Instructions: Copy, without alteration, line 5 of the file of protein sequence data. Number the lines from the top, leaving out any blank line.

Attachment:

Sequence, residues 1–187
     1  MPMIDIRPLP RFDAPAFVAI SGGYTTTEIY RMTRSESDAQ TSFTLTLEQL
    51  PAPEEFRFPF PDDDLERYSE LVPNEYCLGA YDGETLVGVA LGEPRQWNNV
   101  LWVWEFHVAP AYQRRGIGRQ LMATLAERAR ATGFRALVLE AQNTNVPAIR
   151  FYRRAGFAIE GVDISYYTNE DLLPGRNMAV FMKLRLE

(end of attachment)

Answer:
   151  FYRRAGFAIE GVDISYYTNE DLLPGRNMAV FMKLRLE